How can the state deter short-termism in finance and facilitate a better environment for the ‘patient capital’ needed for growth?
Consider two countries – China and Italy. As recently as 1990, these economies were equal in size as measured by aggregate GDP at purchasing power parity exchange rates. But let us now put these countries on quite different trajectories for capital accumulation. Let China begin investing at double-digit rates for 20-plus years, while Italy accumulates capital at a rate of only two per cent per year. By 2013, China is now seven times larger than Italy. Indeed, China is creating an economy the size of Italy’s every two years; an economy the size of Greece’s every quarter; and an economy the size of Cyprus’ every week.
GDP may not be all that matters, as economists are increasingly coming to accept. But, as these figures suggest, it nonetheless matters a lot if we care about improvements in living standards over lengthy time spans.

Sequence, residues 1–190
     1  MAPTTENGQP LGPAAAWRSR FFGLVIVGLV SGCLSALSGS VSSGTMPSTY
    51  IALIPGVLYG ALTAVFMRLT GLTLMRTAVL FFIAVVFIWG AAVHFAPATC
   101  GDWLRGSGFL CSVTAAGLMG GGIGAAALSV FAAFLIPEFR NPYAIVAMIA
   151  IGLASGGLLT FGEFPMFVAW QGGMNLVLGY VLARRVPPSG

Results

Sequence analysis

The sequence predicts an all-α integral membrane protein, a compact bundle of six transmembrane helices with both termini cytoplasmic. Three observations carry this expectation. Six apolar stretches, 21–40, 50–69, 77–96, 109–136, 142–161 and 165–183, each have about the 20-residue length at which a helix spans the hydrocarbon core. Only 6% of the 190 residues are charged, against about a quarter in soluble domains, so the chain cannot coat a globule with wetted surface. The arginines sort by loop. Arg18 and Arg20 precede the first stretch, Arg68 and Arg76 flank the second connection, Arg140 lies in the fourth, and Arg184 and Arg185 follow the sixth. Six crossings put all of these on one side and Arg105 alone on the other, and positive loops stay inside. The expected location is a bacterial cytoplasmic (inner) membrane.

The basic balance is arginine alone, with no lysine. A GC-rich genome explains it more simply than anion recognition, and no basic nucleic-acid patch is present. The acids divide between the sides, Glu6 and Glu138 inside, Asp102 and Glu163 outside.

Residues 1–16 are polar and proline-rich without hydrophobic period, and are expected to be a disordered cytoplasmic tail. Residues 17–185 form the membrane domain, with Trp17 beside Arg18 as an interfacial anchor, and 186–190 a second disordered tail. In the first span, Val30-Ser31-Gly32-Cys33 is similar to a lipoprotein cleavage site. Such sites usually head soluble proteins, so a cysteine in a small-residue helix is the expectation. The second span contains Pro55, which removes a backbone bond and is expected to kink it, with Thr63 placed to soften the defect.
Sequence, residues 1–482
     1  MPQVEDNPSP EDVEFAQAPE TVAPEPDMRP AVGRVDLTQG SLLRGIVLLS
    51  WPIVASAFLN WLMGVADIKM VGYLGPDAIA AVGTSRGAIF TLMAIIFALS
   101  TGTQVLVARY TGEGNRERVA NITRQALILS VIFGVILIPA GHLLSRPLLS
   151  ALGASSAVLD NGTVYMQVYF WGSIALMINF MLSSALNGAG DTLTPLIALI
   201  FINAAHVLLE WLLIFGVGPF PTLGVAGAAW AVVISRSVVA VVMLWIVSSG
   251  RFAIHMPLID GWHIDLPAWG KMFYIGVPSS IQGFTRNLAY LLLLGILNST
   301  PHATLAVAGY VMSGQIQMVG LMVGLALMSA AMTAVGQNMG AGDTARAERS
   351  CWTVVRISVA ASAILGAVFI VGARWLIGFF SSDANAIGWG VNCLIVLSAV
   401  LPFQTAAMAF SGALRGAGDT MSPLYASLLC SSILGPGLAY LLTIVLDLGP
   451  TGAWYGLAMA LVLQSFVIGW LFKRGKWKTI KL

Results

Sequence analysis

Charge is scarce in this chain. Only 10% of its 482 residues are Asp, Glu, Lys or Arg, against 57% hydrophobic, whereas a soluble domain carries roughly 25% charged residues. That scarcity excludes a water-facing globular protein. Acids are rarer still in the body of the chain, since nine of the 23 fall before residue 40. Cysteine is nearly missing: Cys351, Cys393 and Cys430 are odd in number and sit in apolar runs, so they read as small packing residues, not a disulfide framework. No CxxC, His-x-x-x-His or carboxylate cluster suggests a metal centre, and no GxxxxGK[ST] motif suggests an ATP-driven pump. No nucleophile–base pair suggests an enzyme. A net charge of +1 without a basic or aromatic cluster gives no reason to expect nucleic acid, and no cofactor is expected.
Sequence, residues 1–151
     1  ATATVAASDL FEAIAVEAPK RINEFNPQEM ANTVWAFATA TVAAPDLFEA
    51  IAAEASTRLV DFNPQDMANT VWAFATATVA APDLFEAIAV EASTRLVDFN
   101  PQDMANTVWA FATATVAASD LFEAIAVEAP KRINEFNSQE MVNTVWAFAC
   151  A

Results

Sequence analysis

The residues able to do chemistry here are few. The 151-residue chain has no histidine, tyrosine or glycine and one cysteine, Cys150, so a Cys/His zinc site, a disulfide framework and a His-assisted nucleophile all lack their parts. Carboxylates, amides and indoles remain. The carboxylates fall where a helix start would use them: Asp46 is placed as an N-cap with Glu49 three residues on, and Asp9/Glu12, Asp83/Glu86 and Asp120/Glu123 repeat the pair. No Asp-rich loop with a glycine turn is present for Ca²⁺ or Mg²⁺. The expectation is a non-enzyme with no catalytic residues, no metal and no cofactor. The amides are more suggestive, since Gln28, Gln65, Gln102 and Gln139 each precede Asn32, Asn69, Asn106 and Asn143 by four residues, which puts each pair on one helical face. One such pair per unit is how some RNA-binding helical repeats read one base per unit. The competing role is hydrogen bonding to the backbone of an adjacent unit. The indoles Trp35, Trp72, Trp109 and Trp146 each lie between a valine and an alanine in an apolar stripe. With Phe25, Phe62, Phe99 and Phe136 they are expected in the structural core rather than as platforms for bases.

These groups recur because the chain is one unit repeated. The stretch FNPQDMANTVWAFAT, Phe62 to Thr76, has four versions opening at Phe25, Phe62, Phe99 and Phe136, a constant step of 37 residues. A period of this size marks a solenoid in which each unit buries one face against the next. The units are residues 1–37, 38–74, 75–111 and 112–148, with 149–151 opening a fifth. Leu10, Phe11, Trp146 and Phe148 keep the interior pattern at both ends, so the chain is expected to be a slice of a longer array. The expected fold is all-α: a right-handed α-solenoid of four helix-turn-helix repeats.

Growth in the long term
Societies are accustomed to becoming better off, generation by generation. Yet, looking across the span of human history, this has often not been the case. Measures of global GDP have been constructed back to 1 million BC. Statistical agencies were thin on the ground back then, so these numbers need to be treated with an even greater degree of caution than today’s GDP releases. Nonetheless, the secular patterns they reveal are striking.
Up to around 50,000 BC, as best we can tell, world GDP per capita was essentially unchanged. Generation after generation, there was little – if any – improvement in living standards. Things improved, progressively, after that. By 1750 AD, world GDP per capita had almost doubled, having risen at a heady rate of 0.0025 per cent per year. Today’s economists would call that an anaemic recovery. But for perhaps the first time in human history, living standards were at least now rising.
From 1750 AD onwards, the world entered a third growth era; a golden era. Since then, GDP per capita has risen 40-fold, at an annual rate of around 1.5 per cent per year. On average, each generation has been perhaps one third better off than its predecessor. So what explains these phase shifts in growth?
How humans developed patience
There is no one explanatory factor, but one key element is what sits between our ears. Something important neurologically happened to humans around 50,000 years ago. Neanderthal man died out and Homo sapiens became dominant. That meant prominent brow ridges were replaced by high, straight foreheads. And they did so for a reason – namely, to accommodate growth of the prefrontal cortex region of the brain.